In the Crowd: Rainer Maria/Dirty on Purpose
Rainer Maria/ Dirty on Purpose/ The Upwelling/ Pela
@ The Mercury Lounge/New York City
Friday September 10, 2004
As far as emo goes, it's impossible to find a more quintessential genre defining moment than the opening blast of Rainer Maria's "Tinfoil". Two voices, male and female, burst out with "God Damn It/ I'm not talking about my heart/ like its something you could break". Its three lines of dramatic frustration capture angst better than any lengthy love poem could. With Rainer Maria as a headliner, the rest of night's music built towards that moment of cathartic breakdown.
It had to start somewhere to get to that point. The able Pela straight out of Red Hook, Brooklyn opened up. Pela owes a debt to English groups of the early 1980's but thankfully isn't a clone of dance rock or bad haircut new wave bands. There's something more vibrant and vital in its sounds, something closer to U2 or Echo and the Bunnymen. Frontman Billy Swanson sings with a drawn out affected voice that fits the music by sounding ambiguously English, but without pretension. The show was the group's first in over 6 month and now minus a keyboardist. They all managed to play impressively with only a few signs of rust. The biggest momentum killer was a series of broken strings. Otherwise the potential of an impressive group was showcased. With an increased presence of shows the group could rightfully become home town heroes.
Shimmering like a well refined rock group, the Upwelling grabbed the attention of a gradually increasing crowd. It's music is a pleasing and intoxication cocktail of maximum hooks to make one woozy. "Murdered by A Big Bomb" is a standout that calls to mind a group like the Stills, and indeed most all modern rock with a vague hint of English influence. For a relatively new group the group came off like a strikingly polished live band.
Local favorite Dirty on Purpose commanded a near sellout crowd for its set. What's most special about the group is its ability to switch from subdued and dreamy moments to a hyperactive stomp. Dirty on Purpose's music sounds like a wave of fuzz washing over a collaborative effort of groups like Sonic Youth, Yo La Tengo, Teenage Fanclub, and Blonde Redhead. The greatest example of subtlety as beauty from the band's catalog is the enchanting "Mind Blindness". Perhaps deeming it too subdued the group decided not to include it in this set. Yet even with the omission, the music along with the tag team vocals of Keyboardist, guitarist and drummer created a really pleasant set from one of New York City's best local groups. Unlike the headliners, Dirty on Purpose are unknown nationally. However the group did well to prove that this anonymity is unjustified and will soon be a thing of the past.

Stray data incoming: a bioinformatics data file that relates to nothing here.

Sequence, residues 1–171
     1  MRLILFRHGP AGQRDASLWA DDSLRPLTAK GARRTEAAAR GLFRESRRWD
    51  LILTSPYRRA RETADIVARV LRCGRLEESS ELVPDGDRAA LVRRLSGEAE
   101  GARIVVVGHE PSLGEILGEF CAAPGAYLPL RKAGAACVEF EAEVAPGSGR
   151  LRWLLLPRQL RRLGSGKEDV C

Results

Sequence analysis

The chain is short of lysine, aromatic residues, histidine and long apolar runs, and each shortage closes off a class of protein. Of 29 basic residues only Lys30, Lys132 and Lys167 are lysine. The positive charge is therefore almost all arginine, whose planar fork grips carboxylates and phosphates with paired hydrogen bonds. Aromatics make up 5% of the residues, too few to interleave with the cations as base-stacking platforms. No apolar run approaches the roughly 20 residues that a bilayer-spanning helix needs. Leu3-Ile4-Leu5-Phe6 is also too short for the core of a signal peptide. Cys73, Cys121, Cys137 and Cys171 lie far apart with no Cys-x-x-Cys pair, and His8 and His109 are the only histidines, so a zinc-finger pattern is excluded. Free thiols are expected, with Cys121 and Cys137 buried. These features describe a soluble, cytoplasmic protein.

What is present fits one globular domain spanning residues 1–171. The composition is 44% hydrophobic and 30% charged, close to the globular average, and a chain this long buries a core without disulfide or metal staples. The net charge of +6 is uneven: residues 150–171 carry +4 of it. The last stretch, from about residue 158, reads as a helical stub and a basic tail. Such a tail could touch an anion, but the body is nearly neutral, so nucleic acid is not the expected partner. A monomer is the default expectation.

Brooklyn by way of Wisconsin luminaries Rainer Maria came next to woo a hometown crowd after a long stretch on the road. From the way they ripped through numbers like "Better Version of Me", and "Ears Ring" it's a mystery that the group does not get more due as a great live band. Listening to the trio on record can often be a somber and melodramatic exercise, but whereas they are a good band on headphones, they become an excellent group live. They're always tagged a sensitive and poetic group and while there's always argument's for that, there's also another side to the group live. There's frustration, and emotion, and no hint of blandness, and with a consistently faster tempo even aggression.
What Rainer Maria has that most groups never achieve is synergy. Even as Kyle Fischer bobs and weaves like a prize fighter on stage with his guitar Caithlin De Marrais' bass work and voice are gripping, and confident, and William Kuehn's drumming is energetic. As it proved itself on Friday it was at once chaotic and frenetic, but also undeniably tight. As expected the group closed with the almost classic "Tinfoil" an excellent cap to a night of 3 potential and one established local favorite.
- Dan Williams | 2004-09-20
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